Consensus management: Why does it matter?
Why does consensus management matter? The short answer is because a lot is at stake for your company. And more often than not, the consequences and implications of not having a well-planned consensus management process are overlooked. When it comes to near-term financial results and longer-term outlook, a proactive and regular dialogue with analysts can be extremely effective in managing market expectations.
In the case of near-term financial results, such as upcoming quarterly results, it is advisable to connect with the analysts who cover your shares – as well as your key buy-side analysts – a few weeks before announcing your company’s results. The purpose of this is to steer the narrative and guide their thinking in the right direction on how you think performance may likely trend, without disclosing any material, non-public information.
Tools at your disposal include industry-specific indicators such as quoted commodity price indices and market demand trends, previously communicated guidance and competitors’ and/or your subsidiaries’ results (in the case that they are publicly traded and have already announced their results).
Typically, analysts independently verify your feedback and then refine their estimates for the upcoming quarter into a hopefully narrower range that is more reflective of actual performance trends. Once you have a full set of estimates, sharing the key statistics with analysts would ensure that in their reports, they reference company-compiled estimates as opposed to database-compiled ones that are often outdated.
This approach will help you to significantly limit or completely avoid substantially missing – or beating – earnings. Earnings misses are often perceived negatively by the market and may have an undesirable impact on the share price almost immediately. Similarly, significant positive earnings surprises may prove negative for share price performance in the long term if the drivers of the underlying financial performance were temporary or non-recurring. Investors and analysts are not big fans of surprises.
The longer-term view
Looking past near-term results, tracking analysts’ valuations, price targets and multi-year forecasts has clear benefits for issuers. Firstly, comparing market forecasts with your own business plan will often reveal areas of substantial deviation.
Is the market less or more optimistic than the company about the outlook? Is the company’s strategy unclear or perhaps too complicated? Is it the right strategy for the company? Should the company revisit its own assumptions? Is there enough confidence in management’s ability to deliver? Should the company provide additional forward-looking guidance or cut back on the level of guidance provided? These are some of the tough questions that all issuers, including their boards of directors, need to look into and actively work to resolve for the ultimate benefit of maximizing shareholder value.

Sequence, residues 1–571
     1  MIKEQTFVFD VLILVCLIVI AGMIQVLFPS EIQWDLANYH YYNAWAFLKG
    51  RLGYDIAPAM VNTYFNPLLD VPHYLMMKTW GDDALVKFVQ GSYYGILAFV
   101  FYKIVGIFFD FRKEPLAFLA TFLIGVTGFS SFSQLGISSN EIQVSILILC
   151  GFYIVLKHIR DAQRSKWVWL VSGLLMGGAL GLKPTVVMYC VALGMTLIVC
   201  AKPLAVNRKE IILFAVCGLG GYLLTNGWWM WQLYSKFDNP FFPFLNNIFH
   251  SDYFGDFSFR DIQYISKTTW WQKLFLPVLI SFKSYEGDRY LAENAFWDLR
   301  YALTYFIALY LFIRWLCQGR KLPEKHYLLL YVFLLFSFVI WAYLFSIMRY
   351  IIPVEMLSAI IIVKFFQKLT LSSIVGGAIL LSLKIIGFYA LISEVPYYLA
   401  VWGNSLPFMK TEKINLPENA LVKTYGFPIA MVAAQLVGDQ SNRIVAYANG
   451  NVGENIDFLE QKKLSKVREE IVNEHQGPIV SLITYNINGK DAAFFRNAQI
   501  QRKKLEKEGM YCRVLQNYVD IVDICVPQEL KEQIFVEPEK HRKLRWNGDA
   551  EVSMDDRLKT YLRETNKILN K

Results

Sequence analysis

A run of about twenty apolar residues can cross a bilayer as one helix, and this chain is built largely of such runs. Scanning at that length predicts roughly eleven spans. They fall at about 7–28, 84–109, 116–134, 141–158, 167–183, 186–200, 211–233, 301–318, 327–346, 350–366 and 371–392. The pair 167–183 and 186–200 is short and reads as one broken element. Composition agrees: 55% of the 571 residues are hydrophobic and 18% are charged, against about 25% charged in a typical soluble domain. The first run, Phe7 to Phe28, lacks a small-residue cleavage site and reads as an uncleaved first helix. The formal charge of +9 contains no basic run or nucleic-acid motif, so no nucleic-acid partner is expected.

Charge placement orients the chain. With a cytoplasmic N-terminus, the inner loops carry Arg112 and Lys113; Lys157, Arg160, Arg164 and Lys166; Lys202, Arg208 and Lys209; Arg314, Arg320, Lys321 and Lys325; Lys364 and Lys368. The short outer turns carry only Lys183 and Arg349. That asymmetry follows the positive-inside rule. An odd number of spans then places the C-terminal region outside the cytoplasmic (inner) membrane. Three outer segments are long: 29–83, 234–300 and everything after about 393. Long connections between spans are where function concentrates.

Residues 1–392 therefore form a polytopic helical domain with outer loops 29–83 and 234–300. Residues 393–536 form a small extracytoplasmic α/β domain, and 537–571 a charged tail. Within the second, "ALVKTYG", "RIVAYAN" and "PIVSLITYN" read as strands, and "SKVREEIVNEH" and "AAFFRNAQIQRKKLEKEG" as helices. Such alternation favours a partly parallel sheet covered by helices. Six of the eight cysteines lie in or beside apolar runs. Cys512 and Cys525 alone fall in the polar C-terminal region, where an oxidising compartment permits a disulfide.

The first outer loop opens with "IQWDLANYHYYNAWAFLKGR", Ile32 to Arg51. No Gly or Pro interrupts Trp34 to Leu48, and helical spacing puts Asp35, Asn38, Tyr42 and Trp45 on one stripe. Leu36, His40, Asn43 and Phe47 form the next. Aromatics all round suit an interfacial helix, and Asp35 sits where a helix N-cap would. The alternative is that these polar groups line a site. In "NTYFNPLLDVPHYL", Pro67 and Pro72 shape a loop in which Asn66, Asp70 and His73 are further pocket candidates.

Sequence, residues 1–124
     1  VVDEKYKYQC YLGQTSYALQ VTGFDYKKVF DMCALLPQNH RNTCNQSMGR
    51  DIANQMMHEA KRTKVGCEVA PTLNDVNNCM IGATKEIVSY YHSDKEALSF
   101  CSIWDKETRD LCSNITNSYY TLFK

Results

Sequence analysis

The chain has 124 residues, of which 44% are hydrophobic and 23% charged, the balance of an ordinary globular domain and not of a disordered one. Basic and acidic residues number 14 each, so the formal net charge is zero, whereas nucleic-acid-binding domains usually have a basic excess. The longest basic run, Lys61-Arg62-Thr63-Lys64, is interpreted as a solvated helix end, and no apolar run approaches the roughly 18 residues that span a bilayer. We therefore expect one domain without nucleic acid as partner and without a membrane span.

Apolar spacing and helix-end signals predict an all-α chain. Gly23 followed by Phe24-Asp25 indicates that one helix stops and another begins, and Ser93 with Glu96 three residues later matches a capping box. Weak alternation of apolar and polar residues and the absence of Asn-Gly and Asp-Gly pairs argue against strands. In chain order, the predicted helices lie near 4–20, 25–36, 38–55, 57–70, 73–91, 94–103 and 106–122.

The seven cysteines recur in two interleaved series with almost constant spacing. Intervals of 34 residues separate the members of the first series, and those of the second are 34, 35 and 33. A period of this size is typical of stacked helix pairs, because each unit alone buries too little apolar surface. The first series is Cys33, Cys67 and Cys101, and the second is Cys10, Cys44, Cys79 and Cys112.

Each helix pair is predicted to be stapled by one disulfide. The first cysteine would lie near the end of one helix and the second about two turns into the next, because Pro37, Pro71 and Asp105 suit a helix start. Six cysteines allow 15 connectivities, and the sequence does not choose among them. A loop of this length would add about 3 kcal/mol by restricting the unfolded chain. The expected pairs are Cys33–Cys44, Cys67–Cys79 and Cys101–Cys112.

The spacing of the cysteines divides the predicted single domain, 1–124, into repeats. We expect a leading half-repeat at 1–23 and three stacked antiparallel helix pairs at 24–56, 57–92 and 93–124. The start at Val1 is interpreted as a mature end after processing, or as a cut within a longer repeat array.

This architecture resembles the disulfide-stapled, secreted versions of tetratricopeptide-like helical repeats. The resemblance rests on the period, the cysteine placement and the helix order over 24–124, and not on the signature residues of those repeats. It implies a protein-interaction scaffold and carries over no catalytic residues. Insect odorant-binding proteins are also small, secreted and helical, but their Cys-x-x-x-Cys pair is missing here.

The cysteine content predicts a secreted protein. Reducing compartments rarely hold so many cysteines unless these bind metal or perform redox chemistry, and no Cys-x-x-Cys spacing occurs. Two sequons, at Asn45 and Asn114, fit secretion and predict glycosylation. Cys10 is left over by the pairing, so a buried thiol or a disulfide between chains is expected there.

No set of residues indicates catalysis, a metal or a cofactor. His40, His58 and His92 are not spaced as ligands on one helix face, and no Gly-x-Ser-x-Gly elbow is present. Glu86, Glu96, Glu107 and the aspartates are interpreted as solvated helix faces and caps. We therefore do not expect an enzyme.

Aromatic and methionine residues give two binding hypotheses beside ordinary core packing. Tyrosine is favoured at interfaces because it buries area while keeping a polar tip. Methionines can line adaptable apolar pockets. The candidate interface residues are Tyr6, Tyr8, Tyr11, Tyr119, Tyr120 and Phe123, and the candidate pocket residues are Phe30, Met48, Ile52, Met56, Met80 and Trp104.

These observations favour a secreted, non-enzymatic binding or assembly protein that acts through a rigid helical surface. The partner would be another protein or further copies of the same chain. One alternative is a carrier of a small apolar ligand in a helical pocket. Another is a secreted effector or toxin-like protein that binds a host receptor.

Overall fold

Secondly, tracking changes in estimates, valuations and price targets over time gives issuers a clear indication of the change in sentiment. This can be especially constructive following events that are likely to affect issuers such as M&As, changes in strategy, emerging disruptive technology, pandemics, force majeurs or changes in the fiscal regime.
Assuming issuers had already conducted the suitable due diligence, they should be in a position to assess whether the market has overreacted, underreacted or appropriately reacted to the news. Communications programs can then be tailored accordingly. Otherwise, issuers risk a lingering disconnect between actual share price performance and internal aspirations.
Rewarding proactive issuers
There are also many other benefits to consensus management. Some of the analysts who follow your shares may not be experts in your particular industry or not as close to the story as others. In a way, they are likely to be more receptive to your views as you help them navigate through the intricacies of your investment case, strategy and outlook. Last but not least, the process of consensus management allows you to spot factual errors and modeling mistakes that may adversely skew consensus estimates. Promptly addressing these inaccuracies with the concerned analyst(s) can have a positive impact.
In capital markets, both time and capital are scarce resources. When competing for capital, issuers must not overlook the fact that investors have plenty of investment opportunities to evaluate and that sell-side resources are limited. You can almost always be sure that markets reward issuers that are proactive with their investor relations and communications.
Mohamed Zein is partner at Instinctif Partners MENA